AIB To Review Operating Regulations To Meet Current Global Aviation Challenges

* rom left, Former Commissioner, Banjul Accord Group Accident Investigation Agency, (BAGAIA) and Consultant to AIB, Nigeria, on Operations Review, Mr. Caj Frostell, Commissioner/CEO, Accident Investigation Bureau, (AIB), Engr. Akin Olateru and Chief Air Safety Investigator, Safety Investigation Authority, Finland, Mr. Ismo Aaltonen at a press briefing on AIB Operations review held at Safety House, Murtala Mohammed International Airport, Ikeja, Lagos at the weekend.

 

Accident Investigation Bureau (AIB) is to review its existing regulations to accommodate latest changes in the global aviation industry.

The review is part of efforts to further enhance its performance especially in the area of incident and accident investigation

This is just as the agency restated its determination to ensure that its operation conforms with European standards and continue to retain its position as the leading incident and accident investigative organisation in Africa.

The Commissioner of AIB, Engr. Akin Olateru said this at the end of a weeklong peer review exercise carried out in conjunction with European consultants at the weekend at its headquarters at the Murtala Muhammed Airport (MMA), Lagos.

Olateru said that management had already circulated the information about its intent to review its existing regulations to concerned stakeholders in the sector, adding that the review exercise would take place before the end of the year.

Recalled that AIB had in February 2016 carried out a similar exercise in Lagos, which improved its activities and duties to the entire aviation industry especially as it concerns accident and incident investigations.

However, the AIB boss contended that some of the existing regulations had since become outdated and needed changes, which he said could not be accommodated with the current regulations in use.

He also pointed out that the International Civil Aviation Organisation (ICAO), recently reviewed its Annex 18 to accommodate new developments in the industry, stressing that in order to remain relevant, an organisation like AIB would need to consistently look at its regulations.

Olateru added that the core mandates of AIB was to investigate accident, recommend safety to prevent future occurrence and make aviation safer for business and air travellers, stressing that the planned review was part of such processes.

According to him,“AIB came to bear in 2007 via the Civil Aviation Act 2006; our regulation was designed to guide how you do things. That regulation is outdated, it has to be reviewed. Regulation basically is to guide the stakeholders and to let everybody know this is how reporting system is done. If you look at Annex 18, it has just been reviewed by ICAO. We need to bring our regulations to speed to capture those new areas because you have to constantly review how you do things for you to stay relevant, if not, you will become outdated. It is easier to review regulations than to review the Act. Act is forever.”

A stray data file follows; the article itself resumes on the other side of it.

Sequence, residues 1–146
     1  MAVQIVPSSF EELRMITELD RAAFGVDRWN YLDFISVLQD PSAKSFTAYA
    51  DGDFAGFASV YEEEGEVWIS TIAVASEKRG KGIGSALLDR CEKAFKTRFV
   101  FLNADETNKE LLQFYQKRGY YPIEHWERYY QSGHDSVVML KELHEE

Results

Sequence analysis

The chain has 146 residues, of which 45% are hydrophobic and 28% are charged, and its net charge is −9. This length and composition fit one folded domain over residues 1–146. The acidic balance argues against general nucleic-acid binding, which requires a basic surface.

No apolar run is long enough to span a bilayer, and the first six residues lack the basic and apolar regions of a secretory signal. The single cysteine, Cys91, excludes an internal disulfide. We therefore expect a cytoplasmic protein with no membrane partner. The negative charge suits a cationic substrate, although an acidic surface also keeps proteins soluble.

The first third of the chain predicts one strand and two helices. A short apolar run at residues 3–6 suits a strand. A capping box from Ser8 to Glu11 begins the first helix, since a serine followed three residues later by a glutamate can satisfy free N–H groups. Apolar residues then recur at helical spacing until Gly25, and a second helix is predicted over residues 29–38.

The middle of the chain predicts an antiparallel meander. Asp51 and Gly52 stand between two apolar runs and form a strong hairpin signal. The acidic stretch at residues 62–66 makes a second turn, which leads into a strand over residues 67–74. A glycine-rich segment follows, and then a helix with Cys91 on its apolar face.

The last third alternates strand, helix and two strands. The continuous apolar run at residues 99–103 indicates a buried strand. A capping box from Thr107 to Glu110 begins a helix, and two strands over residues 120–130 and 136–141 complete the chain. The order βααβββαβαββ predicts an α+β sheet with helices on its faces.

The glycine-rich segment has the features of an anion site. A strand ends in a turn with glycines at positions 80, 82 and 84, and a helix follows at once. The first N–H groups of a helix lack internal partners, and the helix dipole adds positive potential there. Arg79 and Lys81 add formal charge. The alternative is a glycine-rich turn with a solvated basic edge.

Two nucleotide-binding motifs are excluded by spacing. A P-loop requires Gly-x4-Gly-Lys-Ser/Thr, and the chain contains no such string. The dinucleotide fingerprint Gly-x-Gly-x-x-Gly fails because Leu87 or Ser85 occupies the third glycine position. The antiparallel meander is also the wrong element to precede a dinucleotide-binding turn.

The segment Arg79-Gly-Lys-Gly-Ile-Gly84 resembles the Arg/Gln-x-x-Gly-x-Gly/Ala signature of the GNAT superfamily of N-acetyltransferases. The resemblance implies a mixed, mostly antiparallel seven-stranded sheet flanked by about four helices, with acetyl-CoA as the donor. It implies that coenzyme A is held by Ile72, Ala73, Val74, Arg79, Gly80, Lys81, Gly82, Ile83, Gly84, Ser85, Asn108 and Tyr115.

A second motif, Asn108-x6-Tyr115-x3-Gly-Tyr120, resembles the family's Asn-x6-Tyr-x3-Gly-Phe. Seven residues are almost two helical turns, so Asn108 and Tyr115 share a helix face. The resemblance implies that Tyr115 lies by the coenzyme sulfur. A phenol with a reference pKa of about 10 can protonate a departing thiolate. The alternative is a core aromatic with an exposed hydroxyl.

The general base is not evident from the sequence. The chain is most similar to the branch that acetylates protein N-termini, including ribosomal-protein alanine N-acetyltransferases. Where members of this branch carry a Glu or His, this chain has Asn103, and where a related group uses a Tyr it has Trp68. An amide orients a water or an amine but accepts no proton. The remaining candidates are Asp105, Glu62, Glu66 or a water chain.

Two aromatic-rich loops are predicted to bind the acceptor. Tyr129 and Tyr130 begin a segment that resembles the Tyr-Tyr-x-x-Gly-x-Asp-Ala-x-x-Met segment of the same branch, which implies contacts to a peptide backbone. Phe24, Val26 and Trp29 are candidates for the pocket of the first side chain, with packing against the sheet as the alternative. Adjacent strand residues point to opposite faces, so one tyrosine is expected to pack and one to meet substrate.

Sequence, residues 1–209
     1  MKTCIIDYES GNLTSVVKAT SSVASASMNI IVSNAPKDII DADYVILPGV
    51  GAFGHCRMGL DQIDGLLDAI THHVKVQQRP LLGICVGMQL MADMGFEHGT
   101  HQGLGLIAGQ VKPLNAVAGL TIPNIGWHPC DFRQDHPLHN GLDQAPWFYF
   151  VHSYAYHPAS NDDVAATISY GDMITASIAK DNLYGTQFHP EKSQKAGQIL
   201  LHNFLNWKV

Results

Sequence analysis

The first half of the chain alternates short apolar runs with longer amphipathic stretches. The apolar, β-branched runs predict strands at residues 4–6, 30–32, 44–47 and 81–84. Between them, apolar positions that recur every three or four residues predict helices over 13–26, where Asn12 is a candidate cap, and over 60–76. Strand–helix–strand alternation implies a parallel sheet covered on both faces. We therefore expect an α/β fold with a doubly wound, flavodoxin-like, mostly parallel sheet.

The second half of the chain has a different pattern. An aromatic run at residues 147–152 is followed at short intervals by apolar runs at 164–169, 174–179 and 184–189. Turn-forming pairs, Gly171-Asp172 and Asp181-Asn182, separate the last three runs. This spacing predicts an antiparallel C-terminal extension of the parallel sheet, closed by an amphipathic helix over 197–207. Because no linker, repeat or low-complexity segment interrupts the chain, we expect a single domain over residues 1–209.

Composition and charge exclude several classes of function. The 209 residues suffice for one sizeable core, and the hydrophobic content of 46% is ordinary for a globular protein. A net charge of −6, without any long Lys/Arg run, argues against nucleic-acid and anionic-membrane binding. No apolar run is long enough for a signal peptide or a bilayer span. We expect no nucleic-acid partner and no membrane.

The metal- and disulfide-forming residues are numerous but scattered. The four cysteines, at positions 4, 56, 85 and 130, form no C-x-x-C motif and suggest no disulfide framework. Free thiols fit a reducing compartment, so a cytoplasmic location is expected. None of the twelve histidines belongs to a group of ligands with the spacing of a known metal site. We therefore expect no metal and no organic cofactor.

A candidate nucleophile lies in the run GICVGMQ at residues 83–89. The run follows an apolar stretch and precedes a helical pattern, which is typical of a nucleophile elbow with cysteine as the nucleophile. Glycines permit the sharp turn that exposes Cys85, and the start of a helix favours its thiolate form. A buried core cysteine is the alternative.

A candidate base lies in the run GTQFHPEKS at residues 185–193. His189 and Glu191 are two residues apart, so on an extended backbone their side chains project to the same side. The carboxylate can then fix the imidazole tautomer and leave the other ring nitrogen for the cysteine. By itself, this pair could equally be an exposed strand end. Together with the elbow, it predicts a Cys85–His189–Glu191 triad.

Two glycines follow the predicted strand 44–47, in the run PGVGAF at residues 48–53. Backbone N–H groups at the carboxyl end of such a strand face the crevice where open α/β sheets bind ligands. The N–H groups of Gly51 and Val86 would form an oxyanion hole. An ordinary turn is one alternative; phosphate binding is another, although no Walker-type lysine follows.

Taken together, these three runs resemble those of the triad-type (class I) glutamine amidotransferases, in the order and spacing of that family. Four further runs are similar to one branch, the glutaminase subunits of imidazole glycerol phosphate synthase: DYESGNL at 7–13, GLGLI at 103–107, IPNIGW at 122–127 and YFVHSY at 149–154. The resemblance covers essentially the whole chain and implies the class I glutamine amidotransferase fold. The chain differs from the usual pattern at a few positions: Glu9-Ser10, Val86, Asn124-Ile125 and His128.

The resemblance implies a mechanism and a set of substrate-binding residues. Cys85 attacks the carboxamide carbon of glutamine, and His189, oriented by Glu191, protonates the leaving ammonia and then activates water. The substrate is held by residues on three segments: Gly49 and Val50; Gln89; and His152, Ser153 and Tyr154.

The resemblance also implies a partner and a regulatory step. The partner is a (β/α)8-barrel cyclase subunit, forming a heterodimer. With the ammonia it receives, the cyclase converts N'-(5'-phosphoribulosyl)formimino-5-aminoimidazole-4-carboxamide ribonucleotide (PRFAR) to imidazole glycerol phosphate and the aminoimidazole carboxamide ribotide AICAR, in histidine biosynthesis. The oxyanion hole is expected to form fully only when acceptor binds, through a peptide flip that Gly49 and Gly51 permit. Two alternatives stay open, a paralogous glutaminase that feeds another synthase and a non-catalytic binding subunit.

He continued, “More so, the need to review our regulations was part of ICAO findings the last time it audited us. ICAO observed that there were lots of gaps in the current regulations, which had called for this review. As a responsible organisation, you have to constantly put your regulations, processes, systems and Standard Operating Procedure (SOP) to test to make sure there is still life and they are still going to work in accordance to your objectives. And, if you find any gaps, you need to review and make it alive.”

On the peer reviewed carried out by two consultants on behalf of the bureau; Mr. Caj Frostell, the former Commissioner of Banjul Accord Group Accident Investigation Agency (BAGAIA) and Mr. Ismo Aaltonen, Chief Air Safety Investigator, Safety Investigation Authority, Finland, Olateru said this was necessary to bridge the existing gaps in the system.

He explained that the peer review exercise included equipment, infrastructure, technical personnel, system, processes and procedures, regulations and the entire organization while also benchmarking it with European standards.

Olateru explained that the duo checked the entire AIB’s books to determine its conformity with best standards, adding that the bureau would continue to invest in infrastructure and human capital in order to remain relevant in the industry.

Commenting on the exercise, Frostell, said that AIB’s equipment and technical personnel could compete with the best in the world.

He specifically mentioned that the bureau’s flight safety in Abuja was state-of-the-art, which would further make the agency to retain its number one position in the sub-region.

He, however, noted that AIB needed to close some noticed gaps in the existing system.

“This kind of review has been conducted in most European countries and this is international efforts to basically do the same thing in using the same material and again, we were very happy to see that the steps taken by AIB are very much on international level. In his less than two years in leading activities at AIB, there has been tremendous development in the activities of AIB. It takes a strong, good leader to accompany the strides he has achieved since he assumed office. We are very impressed with the way he has been leading the industry and certainly the aim of centre of excellence and the leading agency in Africa is getting better by the day,” he said.

Aaltonen on his part stated that AIB could handle all forms of accident investigations with its current equipment and personnel.

He however called for more training and retraining of technical personnel to remain current on the job.

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